In order to prevent a taxpayer from receiving an excessive tax benefit from the discharge of indebtedness, a taxpayer will be required to reduce various tax attributes (or, alternatively, the taxpayer may elect to reduce the basis of depreciable property before reducing other tax attributes) by the amount of the indebtedness excluded from income under the Bankruptcy, Insolvency, Farm Indebtedness, and Business Real Property Exclusions. Section 108(b)(2) provides the order in which tax attributes are to be reduced.
Qualification for each exclusion, and subsequent application of such exclusion, is subject to complex requirements in the Code and Treasury Regulations. However, knowledge of the existence of the exclusions and a baseline understanding of when they may apply allows taxpayers and their advisors to better identify any lurking issues that may result from a discharge of indebtedness, whether during the Covid-19 crisis or otherwise.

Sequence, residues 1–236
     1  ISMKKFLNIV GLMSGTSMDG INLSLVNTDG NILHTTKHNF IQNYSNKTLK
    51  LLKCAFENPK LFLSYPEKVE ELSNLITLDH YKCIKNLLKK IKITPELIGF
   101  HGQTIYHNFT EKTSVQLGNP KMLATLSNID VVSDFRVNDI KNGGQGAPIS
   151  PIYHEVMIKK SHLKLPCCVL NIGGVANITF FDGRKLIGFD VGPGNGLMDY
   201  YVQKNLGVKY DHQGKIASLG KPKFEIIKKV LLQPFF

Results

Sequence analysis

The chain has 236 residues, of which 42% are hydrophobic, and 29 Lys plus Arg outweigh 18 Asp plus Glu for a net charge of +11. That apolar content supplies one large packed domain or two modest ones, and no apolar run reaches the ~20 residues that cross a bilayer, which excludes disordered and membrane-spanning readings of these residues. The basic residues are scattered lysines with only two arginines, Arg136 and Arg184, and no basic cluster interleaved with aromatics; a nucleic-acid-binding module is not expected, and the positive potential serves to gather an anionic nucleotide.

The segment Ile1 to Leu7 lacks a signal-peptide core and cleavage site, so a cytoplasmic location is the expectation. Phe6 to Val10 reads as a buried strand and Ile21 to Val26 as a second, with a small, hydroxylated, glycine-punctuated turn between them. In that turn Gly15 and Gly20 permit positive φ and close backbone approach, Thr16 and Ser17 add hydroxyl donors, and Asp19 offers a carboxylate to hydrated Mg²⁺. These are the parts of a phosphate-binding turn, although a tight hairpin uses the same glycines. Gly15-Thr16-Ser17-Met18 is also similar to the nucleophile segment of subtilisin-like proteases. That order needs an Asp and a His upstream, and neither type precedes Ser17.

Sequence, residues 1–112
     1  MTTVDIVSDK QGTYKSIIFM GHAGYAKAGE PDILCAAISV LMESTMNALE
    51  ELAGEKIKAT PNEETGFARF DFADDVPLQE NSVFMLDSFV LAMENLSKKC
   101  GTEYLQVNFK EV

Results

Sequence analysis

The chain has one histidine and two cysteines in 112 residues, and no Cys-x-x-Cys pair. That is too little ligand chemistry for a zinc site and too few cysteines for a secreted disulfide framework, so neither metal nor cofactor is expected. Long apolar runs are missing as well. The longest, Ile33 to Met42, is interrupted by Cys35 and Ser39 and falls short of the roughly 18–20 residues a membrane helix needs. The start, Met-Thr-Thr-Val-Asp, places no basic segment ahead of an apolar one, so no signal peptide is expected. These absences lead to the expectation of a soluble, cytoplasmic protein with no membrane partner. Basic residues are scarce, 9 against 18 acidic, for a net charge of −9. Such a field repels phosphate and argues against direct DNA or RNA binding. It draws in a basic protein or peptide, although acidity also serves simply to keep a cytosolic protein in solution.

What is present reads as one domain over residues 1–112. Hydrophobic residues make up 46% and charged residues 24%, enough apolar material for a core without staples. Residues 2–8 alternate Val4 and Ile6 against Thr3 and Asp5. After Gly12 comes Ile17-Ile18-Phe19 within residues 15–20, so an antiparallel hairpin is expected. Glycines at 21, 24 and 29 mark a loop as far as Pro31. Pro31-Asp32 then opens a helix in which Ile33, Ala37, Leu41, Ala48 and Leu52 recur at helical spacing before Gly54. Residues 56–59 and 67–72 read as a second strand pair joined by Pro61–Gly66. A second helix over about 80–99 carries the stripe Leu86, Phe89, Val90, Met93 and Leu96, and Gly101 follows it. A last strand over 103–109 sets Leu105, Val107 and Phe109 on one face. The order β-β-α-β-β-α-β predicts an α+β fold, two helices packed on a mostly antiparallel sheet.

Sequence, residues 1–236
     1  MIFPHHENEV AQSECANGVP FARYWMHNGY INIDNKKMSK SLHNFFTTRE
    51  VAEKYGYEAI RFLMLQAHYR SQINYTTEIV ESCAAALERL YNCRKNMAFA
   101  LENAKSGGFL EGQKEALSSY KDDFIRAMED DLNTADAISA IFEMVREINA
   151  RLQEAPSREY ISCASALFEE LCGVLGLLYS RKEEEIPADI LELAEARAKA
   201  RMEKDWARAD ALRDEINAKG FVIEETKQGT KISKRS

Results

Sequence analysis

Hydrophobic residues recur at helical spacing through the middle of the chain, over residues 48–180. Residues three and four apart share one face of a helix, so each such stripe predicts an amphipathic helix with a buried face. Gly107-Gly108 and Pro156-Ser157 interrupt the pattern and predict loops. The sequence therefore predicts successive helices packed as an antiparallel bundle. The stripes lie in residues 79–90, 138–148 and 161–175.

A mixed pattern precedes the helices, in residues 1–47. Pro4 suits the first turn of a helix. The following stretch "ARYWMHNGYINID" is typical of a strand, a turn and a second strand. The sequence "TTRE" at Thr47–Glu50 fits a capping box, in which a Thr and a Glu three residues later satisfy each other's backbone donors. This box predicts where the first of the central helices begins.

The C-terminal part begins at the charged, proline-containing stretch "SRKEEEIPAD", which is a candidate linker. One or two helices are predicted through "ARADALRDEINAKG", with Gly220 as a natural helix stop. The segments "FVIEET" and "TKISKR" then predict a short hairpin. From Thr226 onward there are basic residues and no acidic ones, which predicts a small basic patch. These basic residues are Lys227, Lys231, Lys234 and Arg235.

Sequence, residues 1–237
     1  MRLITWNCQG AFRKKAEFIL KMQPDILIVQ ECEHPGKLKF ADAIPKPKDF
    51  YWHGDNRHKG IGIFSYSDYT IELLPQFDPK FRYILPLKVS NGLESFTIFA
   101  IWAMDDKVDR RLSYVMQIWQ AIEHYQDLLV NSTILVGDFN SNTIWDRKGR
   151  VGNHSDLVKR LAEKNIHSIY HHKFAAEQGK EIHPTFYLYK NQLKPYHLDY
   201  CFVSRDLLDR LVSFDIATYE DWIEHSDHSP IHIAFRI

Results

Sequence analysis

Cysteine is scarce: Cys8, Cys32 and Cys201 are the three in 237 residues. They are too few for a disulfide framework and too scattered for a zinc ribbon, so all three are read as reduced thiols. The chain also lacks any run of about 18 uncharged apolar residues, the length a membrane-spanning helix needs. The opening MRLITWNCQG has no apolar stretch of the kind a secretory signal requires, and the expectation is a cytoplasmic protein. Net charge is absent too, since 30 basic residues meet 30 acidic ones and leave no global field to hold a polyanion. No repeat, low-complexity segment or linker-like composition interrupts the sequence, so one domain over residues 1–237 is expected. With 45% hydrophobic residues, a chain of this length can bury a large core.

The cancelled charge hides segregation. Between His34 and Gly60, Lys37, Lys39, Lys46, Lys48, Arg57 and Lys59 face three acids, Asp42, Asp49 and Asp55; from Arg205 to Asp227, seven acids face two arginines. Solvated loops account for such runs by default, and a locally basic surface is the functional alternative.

Additional blogs will be written on more specific aspects of COD Income and exclusions, including specific Covid-19-related exclusions, but this post is intended to provide an overview of the general rules governing discharge of indebtedness.
For any questions on this or any other tax-related matter, please feel free to contact Charles Pulman at firstname.lastname@example.org or by phone at (214) 749-2447 and Annie McGinnis at email@example.com or by phone at (214) 749-2412. This blog was written based on the law as in effect on May 7, 2020.